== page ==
Sylvia held her fourth empty martini glass up to the sunlight flooding through the airport’s enormous viewing wall. Her smudged reflection reminded her of rainy days at her parents’ cabin when she was a girl, staring out the window at the lake as she waited for the clouds to break. How she had longed to race down to the dock through the sudden golden warmth and dive into the lake. Even now, thirty years later, she still craved that cleansing sensation of slicing through the water, of floating weightless in the water’s cool embrace, of watching the magical flickering of sunlight on the lake’s surface.
“Get you another?” Her neighbor at the bar’s voice was a muffled drone, as if he were underwater. He’d been offering since her first martini. Through her glass he looked like a bloated goldfish, eyes distorted and bulging, the strands of his combover draped across his head like a tired dorsal fin.
Another drink did sound good, but Sylvia shook her head. She was trying to get the bartender’s attention when she heard her name broadcast in the terminal:
…Sylvia Marie Revealer, your flight is fully boarded and awaiting departure at Gate D34…
“It’s Réveillère,” she said. Laurent had insisted she take his name.
Her neighbor said, “You know her?”
It was a good question—lately she had no fucking idea who she was. The bartender apparently didn’t either; he pointedly ignored her. Her neighbor raised his glass, double tapped the rim of his tumbler, and the bartender came right over. “Another Seven and Seven? Great. And you, ma’am?”
“Just the check.” What Sylvia needed wasn’t another drink, she needed a break. From her job, from airports and presentations, from working dinners and entertaining clients, from her cold husband. A long weekend at the cabin would be perfect, except she’d sold it five years ago to buy Laurent his dream house. He’d been charming at first, so charming she’d missed all the rest that came with him, the obsessive grooming, the costly tailoring and dinners and drinks, his insufferably Patrician observations on all things American, his refusal to remain faithful. Now all she had was a dark, three-story Victorian and that selfish little man in the smoke-filled garret.
Whenever she made it home—tonight or tomorrow or a week from tomorrow—she’d find Laurent sitting up there, Gauloise between raised fingers, reading one of his treasured philosophers. Their conversation would inevitably find its way to her traveling too much, as if it was an inconvenience to him rather than a necessity to support his lifestyle. Always her, never him. Not his failed professorship, not his sense of entitlement, not his complete lack of interest in her. Eventually, she’d give up and go downstairs to make another drink.
…This is the final boarding call for Sylvia Marie Revealer. Please proceed immediately to Gate D34…
The wheels of Sylvia’s bag kept catching on chair legs as she wove through the restaurant. She stopped abruptly at the edge of the tile.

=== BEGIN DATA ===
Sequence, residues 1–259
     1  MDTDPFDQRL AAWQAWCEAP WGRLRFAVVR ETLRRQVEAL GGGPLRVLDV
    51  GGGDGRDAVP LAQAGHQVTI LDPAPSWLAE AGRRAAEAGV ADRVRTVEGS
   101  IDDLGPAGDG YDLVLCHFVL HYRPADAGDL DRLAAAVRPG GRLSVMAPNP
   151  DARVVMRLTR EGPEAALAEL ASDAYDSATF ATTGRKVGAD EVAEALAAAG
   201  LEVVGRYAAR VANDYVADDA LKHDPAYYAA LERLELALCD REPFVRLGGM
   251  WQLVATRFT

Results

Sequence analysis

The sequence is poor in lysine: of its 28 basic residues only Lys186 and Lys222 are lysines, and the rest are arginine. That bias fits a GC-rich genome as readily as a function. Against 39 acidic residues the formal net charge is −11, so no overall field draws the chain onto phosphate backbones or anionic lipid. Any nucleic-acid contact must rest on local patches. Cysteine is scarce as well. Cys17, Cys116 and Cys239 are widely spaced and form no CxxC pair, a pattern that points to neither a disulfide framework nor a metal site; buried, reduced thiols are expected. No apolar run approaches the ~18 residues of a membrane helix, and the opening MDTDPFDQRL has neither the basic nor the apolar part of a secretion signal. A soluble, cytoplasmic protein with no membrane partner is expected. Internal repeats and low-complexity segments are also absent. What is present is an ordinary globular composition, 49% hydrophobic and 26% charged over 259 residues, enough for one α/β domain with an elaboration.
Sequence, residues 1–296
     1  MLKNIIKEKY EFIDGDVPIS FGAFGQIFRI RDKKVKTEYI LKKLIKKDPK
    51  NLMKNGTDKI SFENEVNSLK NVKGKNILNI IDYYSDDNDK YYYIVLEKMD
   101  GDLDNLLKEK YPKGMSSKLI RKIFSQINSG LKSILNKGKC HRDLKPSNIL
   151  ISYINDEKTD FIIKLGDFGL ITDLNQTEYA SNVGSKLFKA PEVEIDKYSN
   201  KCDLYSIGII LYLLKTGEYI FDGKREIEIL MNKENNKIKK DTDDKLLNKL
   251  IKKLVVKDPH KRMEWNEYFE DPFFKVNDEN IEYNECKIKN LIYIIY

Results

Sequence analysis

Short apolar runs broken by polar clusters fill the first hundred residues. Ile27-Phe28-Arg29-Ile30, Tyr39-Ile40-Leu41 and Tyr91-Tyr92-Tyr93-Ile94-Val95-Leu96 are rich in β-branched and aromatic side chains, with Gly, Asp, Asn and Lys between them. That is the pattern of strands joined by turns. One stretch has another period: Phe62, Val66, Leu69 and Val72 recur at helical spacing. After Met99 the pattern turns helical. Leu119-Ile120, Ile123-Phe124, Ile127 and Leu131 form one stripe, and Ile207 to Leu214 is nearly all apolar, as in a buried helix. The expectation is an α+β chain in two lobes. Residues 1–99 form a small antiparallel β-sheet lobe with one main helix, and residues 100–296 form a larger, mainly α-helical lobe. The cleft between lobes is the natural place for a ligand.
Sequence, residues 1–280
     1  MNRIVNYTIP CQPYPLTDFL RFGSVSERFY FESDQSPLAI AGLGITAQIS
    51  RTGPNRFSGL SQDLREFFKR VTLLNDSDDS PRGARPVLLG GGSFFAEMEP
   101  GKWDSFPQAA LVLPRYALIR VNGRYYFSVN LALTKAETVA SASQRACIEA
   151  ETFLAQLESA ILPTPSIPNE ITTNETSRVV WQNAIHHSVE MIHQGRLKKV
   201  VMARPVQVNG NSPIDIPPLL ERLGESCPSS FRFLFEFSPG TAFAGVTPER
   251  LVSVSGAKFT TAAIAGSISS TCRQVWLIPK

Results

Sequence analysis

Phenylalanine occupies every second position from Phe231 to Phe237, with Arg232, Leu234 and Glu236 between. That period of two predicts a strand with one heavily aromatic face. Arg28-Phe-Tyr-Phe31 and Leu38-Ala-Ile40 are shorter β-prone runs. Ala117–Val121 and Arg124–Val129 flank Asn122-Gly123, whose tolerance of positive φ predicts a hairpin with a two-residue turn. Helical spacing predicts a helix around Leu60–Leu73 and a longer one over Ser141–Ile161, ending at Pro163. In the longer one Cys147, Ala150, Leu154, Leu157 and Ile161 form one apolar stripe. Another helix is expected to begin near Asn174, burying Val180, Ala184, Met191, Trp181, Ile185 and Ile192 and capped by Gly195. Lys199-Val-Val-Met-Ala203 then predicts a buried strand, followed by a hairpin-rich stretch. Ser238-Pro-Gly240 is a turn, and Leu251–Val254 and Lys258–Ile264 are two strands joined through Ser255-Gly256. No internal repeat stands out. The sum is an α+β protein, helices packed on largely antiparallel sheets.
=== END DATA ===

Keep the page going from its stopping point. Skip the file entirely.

Sunlight reflected sharply off the polished concrete floor, like clouds breaking over the lake. Passengers bustled across this lake, shoes clacking, bags rumbling, oblivious that they were walking on water. A parade of miracles. A lanky man swung wide, frowning at her. Sylvia realized she was giggling. She didn’t care—about him, or her flight, or Laurent. She felt mischievous, like a little girl again.
She touched the concrete with the tip of her pump. The surface dipped. She lifted her toe and the floor snapped back, glossy ripples radiating outward.
Sylvia pulled her heels off and hooked them over her bag’s handle. She dipped a foot into the glowing floor. It was cool, not cold, just like she remembered.
People rushed past in every direction, dodging each other out of instinct, dull eyes focused elsewhere. The man at the bar was chatting up his new neighbor. Just like Laurent, he’d lost interest, moved on to the next one.
She curled her toes over the metal strip between the carpet and the concrete, like she had on the edge of the wooden dock. Bending at the knees, she leaned forward, extending her arms straight out behind her. She threw her arms forward as she jumped out over the water. Arms above her head, biceps against ears, palms together, toes pointing to the sky, she struck the surface.
Her form was still good; she hardly made a splash. She angled through the water, curling around to look up at the surface. A stream of soles and bags stuttered and skipped past each other in a frenetic dance across the lake’s surface. That pointless nightmare finally muting. She wouldn’t miss it, any of it, not the travel or the booze or the loneliness, not even Laurent. He never liked the lake anyway. She felt peaceful, whole, her worries fading like the glittering sunlight as she sank, arms and legs waving gently, cocooned in cool silence.
Chip Houser is a writer from the midwestern U.S., currently living in Colorado. His work appears in Bourbon Penn, PodCastle, Every Day Fiction, and others. His chapbook Dark Morsels collects some of his flash and micro fiction (Red Bird Chapbooks, 2022.) Find him on Twitter @chazzlepants or chiphouser.com.